How does it handle?
The major question that the Platinum needs to answer in the ride and handling area is staring you in the face: those wheels.
The Platinum sits on the same 20-inch alloys as the Everest Platinum (with a matching 20-inch spare), and while that may have struck fear into those looking for a plush ride only a few years ago, Ford has game here.
It's had 20s on the Everest Titanium – which the Everest Platinum replaced last year – since its 2015 introduction with suspension tuned with the larger diameter wheels in mind.
Similarly, the Ranger has a ‘Highline' suspension tune that been created for models running larger wheel sizes (18-inches upwards).
That means that the 20s, which were wrapped in 255-wide Goodyear Wrangler street rubber on our test car, provide a comfortable ride that sees small bumps quickly dealt with.
It's firm over bumps yet smooth in its primary ride, with little tyre noise.
Excellent body control means the Ranger can take a corner with confidence, too. It's not a sports car – at 48kg more than a Wildtrak to stretch to a 2388kg kerb weight – but it sits flat around corners better than it should and isn't a wallowing mess, with high levels of grip – in the dry conditions we sampled it in, at least.
That excellent suspension tune means that it the Platinum doesn't need to crawl over suburban speed humps to avoid neck-snapping moments, either; instead, it despatches them easily and efficiently.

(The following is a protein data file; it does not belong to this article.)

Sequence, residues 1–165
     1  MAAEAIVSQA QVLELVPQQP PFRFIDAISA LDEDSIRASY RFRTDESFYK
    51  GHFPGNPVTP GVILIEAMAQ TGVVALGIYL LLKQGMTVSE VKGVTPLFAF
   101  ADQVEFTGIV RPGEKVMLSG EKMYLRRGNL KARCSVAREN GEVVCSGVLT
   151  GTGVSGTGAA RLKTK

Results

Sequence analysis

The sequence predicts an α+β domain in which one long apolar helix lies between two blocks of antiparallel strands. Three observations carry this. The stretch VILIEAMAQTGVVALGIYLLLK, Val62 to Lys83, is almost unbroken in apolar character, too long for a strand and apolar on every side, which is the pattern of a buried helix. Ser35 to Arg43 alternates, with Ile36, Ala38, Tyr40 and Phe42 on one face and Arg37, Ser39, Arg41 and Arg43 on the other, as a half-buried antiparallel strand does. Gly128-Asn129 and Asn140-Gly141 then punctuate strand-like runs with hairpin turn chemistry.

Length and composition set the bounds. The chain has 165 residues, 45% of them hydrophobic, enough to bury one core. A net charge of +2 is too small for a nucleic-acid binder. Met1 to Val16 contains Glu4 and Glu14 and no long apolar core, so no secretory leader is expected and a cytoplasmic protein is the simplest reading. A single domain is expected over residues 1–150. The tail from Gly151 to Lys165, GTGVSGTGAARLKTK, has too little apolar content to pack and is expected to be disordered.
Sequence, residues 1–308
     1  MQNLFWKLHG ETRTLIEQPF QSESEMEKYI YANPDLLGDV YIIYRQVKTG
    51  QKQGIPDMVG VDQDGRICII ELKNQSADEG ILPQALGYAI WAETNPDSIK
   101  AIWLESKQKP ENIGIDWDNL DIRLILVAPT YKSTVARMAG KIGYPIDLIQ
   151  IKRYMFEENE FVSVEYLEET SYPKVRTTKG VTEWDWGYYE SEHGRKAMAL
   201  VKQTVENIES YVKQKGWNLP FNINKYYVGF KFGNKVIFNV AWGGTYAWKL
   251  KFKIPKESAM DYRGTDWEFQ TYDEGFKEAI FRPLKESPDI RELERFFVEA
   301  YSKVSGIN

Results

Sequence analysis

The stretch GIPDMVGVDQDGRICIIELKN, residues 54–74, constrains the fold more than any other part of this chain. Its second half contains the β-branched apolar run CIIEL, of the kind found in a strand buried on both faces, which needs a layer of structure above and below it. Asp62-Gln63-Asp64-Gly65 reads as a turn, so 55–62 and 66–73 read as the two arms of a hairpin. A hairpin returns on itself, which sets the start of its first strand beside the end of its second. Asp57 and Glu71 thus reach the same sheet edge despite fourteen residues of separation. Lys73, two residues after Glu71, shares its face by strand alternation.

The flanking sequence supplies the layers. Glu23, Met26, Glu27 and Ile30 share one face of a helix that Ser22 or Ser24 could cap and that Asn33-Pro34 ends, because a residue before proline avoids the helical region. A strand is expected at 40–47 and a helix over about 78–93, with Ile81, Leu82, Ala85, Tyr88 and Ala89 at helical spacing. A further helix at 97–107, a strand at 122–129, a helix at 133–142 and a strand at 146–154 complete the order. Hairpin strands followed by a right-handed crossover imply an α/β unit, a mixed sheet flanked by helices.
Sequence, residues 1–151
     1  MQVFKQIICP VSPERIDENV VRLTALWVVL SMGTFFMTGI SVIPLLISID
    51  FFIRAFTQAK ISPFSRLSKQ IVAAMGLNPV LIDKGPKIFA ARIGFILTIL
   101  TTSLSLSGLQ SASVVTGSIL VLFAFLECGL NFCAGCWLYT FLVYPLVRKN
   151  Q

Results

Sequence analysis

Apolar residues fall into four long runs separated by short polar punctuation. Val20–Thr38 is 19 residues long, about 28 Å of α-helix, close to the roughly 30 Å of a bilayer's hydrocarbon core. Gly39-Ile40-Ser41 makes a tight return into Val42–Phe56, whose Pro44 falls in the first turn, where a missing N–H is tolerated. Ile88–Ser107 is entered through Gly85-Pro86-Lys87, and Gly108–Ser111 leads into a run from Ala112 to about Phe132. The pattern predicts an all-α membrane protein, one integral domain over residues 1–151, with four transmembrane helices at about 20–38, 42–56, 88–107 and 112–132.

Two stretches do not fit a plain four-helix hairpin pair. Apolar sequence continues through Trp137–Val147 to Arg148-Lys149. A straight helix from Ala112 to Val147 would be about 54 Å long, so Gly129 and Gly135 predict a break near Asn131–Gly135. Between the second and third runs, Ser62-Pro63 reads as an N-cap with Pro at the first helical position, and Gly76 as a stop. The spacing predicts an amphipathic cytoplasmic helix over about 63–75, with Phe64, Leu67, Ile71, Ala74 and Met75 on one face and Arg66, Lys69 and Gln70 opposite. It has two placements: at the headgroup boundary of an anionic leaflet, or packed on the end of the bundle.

From a supportive driver's seat – which is 10-way electrically adjustable, as is the front passenger seat – the driving position is excellent with great all-round vision. Again, the inherent traits of the Ranger line-up are evident when living with the Platinum.
The light yet not-so-feelsome electronic power steering allows you to place the Platinum relatively accurately on the road, too.
What also helps in the daily-driver stakes are those cameras – the colour monitors mean that the front-facing and 360-degree cameras that Ford pitched as off-road helpers are also a benefit when parking the Ranger in tight car parks.
Oh, and again – if you do take it off-road, there's all the tech that we've talked about on Ranger as standard, too.
Where would you most like to drive it?
We'd love to take this thing to the snowfields. While the Ranger has proven off-road credentials, the Platinum is more of luxury family car that eats miles, pavement and less so dirt. Its capability isn't diminished, but given its plush luxury push, it's more likely to be in the urban jungle than the back of beyond.
There are some practical additions – namely the tray's ‘Flexible Rack System' that allows you to move two crossbars to carry longer items – a long piece of wood, skis or a surfboard.